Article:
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What the Kaspersky antivirus hack really means

Kaspersky Lab’s 400 million users worldwide can’t be happy about recent news linking the company’s antivirus products to spying. The Russian government reportedly used the Moscow-based company’s software to steal sensitive information from American intelligence agents.

The incidents remind us that the security products we trust to protect our PCs have more or less full access. “Every cloud-based anti-virus has the potential and the ability to delete files, to modify files,” said Jake Williams, Founder and President of Rendition Infosec. “They have the ability to launch new processes as well as terminate existing processes.”

It’s bad if someone hacks your computer. If someone hacks your computer and uses your own antivirus software to take over, that’s a disaster. “Looking at all of this together,” Williams concluded, “It becomes clear that if whoever’s running your anti-virus doesn’t have your best interests at heart they can definitely do some damage.”

Now that we know Kaspersky antivirus software can turn against you, the next question is whether we can do anything about it. We talked to security experts to find out more.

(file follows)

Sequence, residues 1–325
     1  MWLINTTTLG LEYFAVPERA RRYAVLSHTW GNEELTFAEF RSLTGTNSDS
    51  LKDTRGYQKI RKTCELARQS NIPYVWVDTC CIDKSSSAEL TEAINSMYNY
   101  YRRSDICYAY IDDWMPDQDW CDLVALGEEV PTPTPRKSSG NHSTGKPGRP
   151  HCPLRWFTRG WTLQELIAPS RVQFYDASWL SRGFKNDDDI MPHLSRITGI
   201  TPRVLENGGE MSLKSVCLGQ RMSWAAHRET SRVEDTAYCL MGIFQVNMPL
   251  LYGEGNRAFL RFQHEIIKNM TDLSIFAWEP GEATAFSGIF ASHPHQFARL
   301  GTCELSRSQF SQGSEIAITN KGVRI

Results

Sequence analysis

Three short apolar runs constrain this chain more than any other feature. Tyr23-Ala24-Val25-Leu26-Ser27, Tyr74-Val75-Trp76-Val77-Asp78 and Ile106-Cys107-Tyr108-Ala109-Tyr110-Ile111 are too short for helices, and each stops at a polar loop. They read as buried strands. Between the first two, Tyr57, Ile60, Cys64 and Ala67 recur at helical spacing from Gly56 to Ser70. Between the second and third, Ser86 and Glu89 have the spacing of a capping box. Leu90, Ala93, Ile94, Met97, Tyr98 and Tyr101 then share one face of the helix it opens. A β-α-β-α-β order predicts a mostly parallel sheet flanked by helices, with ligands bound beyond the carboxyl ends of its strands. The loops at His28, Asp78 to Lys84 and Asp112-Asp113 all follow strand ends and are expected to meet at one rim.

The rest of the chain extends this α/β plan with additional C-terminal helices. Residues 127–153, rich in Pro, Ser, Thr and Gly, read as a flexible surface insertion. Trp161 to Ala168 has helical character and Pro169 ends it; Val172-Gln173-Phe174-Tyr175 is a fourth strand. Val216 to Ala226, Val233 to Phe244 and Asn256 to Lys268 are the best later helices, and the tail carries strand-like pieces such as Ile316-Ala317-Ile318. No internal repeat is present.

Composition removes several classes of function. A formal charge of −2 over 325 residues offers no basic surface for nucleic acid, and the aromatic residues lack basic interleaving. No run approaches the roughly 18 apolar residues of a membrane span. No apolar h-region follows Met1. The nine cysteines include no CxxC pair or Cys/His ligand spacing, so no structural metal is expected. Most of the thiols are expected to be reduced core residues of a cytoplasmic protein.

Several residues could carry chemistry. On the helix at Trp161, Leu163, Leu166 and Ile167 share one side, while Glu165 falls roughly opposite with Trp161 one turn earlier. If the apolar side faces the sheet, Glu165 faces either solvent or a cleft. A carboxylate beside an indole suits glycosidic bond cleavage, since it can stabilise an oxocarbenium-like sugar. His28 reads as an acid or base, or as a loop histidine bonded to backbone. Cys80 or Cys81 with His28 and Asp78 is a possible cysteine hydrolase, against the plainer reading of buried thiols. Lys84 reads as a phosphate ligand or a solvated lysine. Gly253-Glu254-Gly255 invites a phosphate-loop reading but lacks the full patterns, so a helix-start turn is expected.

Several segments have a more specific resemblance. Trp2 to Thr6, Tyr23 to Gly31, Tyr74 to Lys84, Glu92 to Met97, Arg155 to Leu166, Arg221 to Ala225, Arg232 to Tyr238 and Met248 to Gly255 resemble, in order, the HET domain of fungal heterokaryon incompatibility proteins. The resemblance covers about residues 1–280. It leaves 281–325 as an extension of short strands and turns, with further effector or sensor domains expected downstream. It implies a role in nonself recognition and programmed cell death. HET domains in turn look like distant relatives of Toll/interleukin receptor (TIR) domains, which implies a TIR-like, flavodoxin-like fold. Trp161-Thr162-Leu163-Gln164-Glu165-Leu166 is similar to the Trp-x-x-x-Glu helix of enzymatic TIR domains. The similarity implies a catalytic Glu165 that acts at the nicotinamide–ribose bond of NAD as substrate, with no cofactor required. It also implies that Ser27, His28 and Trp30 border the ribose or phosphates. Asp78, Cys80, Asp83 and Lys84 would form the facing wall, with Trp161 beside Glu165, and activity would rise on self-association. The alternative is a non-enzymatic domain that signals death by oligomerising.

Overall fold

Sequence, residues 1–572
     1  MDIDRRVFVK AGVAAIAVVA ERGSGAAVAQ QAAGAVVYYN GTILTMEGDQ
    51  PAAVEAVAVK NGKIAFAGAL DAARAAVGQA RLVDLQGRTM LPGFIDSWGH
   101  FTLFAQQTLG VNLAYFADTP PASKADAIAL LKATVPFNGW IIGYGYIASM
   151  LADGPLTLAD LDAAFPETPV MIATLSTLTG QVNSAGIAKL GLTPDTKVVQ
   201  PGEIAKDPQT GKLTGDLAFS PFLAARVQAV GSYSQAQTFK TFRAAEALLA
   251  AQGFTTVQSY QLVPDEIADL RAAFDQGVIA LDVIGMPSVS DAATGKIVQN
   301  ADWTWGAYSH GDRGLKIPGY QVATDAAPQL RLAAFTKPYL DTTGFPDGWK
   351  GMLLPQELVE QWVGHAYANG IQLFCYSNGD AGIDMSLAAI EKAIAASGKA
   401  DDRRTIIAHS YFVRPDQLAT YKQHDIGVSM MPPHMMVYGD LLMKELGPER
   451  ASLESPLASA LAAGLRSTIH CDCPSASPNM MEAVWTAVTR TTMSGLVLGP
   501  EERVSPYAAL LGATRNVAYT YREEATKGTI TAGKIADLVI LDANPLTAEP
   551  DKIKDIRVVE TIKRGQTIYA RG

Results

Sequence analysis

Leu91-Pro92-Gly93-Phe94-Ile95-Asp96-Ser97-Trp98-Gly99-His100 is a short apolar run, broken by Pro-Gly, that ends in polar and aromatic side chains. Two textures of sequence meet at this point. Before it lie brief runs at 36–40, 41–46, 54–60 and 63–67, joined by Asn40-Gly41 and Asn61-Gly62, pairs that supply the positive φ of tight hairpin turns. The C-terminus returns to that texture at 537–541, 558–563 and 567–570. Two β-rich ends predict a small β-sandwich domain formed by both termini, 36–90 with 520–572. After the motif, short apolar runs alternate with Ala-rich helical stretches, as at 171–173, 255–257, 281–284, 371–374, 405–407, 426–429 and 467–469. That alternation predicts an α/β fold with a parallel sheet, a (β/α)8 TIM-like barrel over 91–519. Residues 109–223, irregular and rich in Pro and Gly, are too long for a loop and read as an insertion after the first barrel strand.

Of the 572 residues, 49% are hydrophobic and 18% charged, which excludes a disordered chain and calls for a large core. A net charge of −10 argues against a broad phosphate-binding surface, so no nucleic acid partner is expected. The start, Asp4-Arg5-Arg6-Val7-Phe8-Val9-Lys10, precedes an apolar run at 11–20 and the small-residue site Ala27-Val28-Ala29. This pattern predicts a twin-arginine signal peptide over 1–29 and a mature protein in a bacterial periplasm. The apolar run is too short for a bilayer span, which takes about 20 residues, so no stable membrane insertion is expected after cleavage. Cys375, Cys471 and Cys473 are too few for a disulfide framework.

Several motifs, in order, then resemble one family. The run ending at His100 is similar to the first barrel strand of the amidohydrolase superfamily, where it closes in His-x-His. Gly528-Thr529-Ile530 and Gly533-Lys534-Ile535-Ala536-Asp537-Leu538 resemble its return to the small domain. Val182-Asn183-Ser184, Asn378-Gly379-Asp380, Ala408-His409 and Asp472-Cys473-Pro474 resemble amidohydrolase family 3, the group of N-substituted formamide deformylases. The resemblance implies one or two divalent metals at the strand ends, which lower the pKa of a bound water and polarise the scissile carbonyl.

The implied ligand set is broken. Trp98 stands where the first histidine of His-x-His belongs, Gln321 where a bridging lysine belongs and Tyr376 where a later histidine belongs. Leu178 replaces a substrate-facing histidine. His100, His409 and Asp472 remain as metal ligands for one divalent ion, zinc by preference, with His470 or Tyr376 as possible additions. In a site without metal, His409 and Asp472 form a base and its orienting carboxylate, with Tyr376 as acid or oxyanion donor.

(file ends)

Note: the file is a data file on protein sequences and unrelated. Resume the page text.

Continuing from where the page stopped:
Kaspersky’s purported data exfiltration: A timeline

The Kaspersky story heated up earlier this fall. On October 5, The Wall Street Journal reported that hackers working for the Russian government in 2015 stole documents deetailing how the U.S. attacks foreign computer networks and defends domestic ones. The Russian hackers used Kaspersky Anti-Virus to identify the data and target it on the home computer of a National Security Agency contractor, the Journal said.

A few days later The New York Times reported that the Americans only found out about the purported Kaspersky data leak from Israeli spies. The Israelis, the Times said, hacked into Kaspersky themselves, where they watched Russian hackers use Kaspersky software in real time as a “sort of Google search for sensitive information.”

The Journal followed up a day later with another report. This one said Russian agents used Kaspersky to search for terms like “top secret” across computers where Kaspersky software was installed. 

Kaspersky Lab has denied allegations that it’s in cahoots with Russian intelligence. Nevertheless, retailers including Best Buy, Office Depot, and Staples have pulled Kaspersky software from store shelves during, and leading up to, the controversy.

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